A: A study by the National Center for Immunization and Respiratory Diseases found that the flu is expensive for employees and businesses alike. In 2003, the flu cost U.S. employees more than $10.4 billion in lost wages (or $15.5 billion adjusted for inflation), and cost the economy as a whole $87.1 billion (or $129.85 billion adjusted for inflation). This doesn’t include the more than 600,000 lost life years due to sick time or approximately 3 million hospital visits. This is merely the economic loss from a single year in a single country.
Q: Why did the flu disappear last year?
A: It didn’t. However, last flu season was rather mild. There are a few theories as to why this might be.
First, since SARS-CoV-2 and Influenza spread in similar ways, precautions such as social distancing, hand washing, and masks (see below) may have helped to reduce the spread of the flu as well.
Secondly, both SARS-CoV-2 and influenza attack respiratory cells. Since the viruses were competing for the same resources (i.e. our lungs) and because COVID-19 is more contagious than the flu, it is possible that COVID-19 out-competed the flu last season. This is called viral interference.
Finally, a record number of people received the flu vaccine last year.
However, this is not cause for complacency. Some doctors warn that the 2021-2022 flu season might be more severe than normal. This prediction stems from the fact that many people’s immune systems haven’t needed to fight off the influenza virus for two years now, as well as the assumption that people are growing less cautious due to lockdown fatigue. At the time of writing, however, this is merely a hypothesis.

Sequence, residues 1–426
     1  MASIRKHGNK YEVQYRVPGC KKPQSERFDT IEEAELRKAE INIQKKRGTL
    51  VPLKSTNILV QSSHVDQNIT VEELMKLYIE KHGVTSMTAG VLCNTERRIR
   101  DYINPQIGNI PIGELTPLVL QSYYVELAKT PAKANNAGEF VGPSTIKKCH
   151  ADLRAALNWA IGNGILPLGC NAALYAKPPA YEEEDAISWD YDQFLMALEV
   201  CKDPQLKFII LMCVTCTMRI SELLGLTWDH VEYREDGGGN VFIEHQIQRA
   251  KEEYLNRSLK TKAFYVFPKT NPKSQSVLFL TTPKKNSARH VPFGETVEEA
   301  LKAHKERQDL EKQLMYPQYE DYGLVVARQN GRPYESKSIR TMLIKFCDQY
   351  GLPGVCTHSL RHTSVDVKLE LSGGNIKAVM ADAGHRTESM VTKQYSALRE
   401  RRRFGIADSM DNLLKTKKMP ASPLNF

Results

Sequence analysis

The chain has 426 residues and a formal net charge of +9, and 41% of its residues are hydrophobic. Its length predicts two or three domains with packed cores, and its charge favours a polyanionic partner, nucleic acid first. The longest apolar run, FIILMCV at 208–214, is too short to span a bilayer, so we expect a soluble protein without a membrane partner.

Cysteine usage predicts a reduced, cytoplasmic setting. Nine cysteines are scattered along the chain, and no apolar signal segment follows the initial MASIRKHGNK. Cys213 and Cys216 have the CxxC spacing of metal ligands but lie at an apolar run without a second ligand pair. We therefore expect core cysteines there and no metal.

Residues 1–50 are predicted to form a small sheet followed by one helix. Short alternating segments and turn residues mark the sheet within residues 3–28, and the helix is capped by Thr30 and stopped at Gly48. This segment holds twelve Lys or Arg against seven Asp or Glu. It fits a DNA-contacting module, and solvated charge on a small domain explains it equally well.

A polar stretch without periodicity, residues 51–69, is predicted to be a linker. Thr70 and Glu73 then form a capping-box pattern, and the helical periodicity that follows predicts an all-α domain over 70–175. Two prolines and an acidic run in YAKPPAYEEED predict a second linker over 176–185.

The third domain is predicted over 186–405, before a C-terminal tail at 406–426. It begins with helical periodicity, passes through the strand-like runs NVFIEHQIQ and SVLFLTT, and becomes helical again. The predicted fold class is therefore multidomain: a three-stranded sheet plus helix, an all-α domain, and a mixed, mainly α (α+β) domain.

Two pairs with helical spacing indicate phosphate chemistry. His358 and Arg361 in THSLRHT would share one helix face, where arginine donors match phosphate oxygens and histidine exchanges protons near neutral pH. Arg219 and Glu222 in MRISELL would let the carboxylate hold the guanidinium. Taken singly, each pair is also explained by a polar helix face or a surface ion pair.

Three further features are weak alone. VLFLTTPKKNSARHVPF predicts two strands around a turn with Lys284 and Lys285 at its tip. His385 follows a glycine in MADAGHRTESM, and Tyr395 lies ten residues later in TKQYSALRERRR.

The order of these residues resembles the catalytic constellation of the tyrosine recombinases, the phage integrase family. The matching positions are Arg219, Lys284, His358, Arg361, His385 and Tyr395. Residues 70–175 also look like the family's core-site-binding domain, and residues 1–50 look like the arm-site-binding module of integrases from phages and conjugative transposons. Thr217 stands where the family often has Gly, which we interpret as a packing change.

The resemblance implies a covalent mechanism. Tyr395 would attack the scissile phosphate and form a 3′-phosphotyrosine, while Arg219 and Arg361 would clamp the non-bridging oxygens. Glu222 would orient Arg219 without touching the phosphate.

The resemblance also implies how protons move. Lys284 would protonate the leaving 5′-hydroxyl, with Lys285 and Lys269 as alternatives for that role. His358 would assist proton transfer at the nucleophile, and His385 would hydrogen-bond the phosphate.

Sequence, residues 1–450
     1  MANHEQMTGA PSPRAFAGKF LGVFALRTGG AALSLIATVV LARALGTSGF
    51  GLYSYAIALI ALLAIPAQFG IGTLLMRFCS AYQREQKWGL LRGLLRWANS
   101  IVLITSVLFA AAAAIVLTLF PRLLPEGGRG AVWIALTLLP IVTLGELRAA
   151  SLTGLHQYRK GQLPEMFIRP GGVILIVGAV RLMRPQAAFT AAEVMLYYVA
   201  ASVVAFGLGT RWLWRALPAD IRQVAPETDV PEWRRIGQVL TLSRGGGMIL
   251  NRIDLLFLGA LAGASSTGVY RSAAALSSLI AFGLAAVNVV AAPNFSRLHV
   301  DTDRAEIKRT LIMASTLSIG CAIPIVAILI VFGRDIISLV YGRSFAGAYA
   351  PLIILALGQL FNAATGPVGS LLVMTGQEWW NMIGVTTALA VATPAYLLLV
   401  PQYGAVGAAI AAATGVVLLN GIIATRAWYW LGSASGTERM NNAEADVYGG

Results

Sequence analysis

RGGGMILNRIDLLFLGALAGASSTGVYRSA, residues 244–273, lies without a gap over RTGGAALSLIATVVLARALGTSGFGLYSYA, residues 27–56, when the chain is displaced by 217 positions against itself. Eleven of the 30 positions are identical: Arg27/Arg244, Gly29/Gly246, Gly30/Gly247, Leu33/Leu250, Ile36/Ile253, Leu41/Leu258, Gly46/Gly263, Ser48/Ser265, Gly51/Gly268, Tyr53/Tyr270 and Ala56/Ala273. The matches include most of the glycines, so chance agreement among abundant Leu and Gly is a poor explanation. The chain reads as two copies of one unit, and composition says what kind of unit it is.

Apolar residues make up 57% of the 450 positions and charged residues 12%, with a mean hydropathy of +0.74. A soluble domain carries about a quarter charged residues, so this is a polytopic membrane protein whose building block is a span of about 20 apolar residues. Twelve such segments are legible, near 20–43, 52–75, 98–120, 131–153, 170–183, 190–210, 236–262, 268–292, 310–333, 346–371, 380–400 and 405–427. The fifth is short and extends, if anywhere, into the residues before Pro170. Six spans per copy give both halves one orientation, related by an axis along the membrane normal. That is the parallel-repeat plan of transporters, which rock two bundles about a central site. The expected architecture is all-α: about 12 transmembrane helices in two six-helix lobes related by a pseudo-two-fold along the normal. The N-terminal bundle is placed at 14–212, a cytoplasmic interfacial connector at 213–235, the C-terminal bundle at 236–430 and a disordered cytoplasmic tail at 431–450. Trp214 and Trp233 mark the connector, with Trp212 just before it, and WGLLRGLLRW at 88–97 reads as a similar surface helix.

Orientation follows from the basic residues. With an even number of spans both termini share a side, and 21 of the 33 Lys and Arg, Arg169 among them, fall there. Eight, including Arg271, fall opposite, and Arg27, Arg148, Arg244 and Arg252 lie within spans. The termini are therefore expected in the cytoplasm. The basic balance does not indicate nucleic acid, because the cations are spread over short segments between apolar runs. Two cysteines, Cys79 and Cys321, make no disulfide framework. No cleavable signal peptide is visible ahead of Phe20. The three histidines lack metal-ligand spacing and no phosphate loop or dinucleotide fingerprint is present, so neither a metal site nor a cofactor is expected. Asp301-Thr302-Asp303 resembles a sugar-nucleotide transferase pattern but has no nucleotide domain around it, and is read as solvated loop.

Q: Do masks help prevent the spread of the flu?
A: In a healthcare setting, masks are recommended “for patients being evaluated for respiratory symptoms” and healthcare workers, per the Center for Disease Control. While masks can indeed reduce the rate of respiratory infection, they are not currently recommended in a non-healthcare setting as an influenza precaution. (They are, however, still recommended as a COVID-19 precaution.)
This isn’t because masks don’t work; masks are actually an excellent flu precaution to take at home when someone is sick. However, because people are unlikely to use them as often as necessary, other precautions are more strongly recommended.
Q: What is the best way to protect myself and others from the flu?
A: According to the CDC, “The single best way to reduce the risk of seasonal flu and its potentially serious complications is to get vaccinated each year.” Don’t want to take the CDC’s word for it? Let’s see what the Mayo Clinic has to say: “Getting an influenza vaccine — though not 100% effective — is the best way to prevent the misery of the flu and its complications.” Still not convinced? The U.S. Army, Navy, and Airforce each aim to have 90% of their active and reserve personnel vaccinated this season.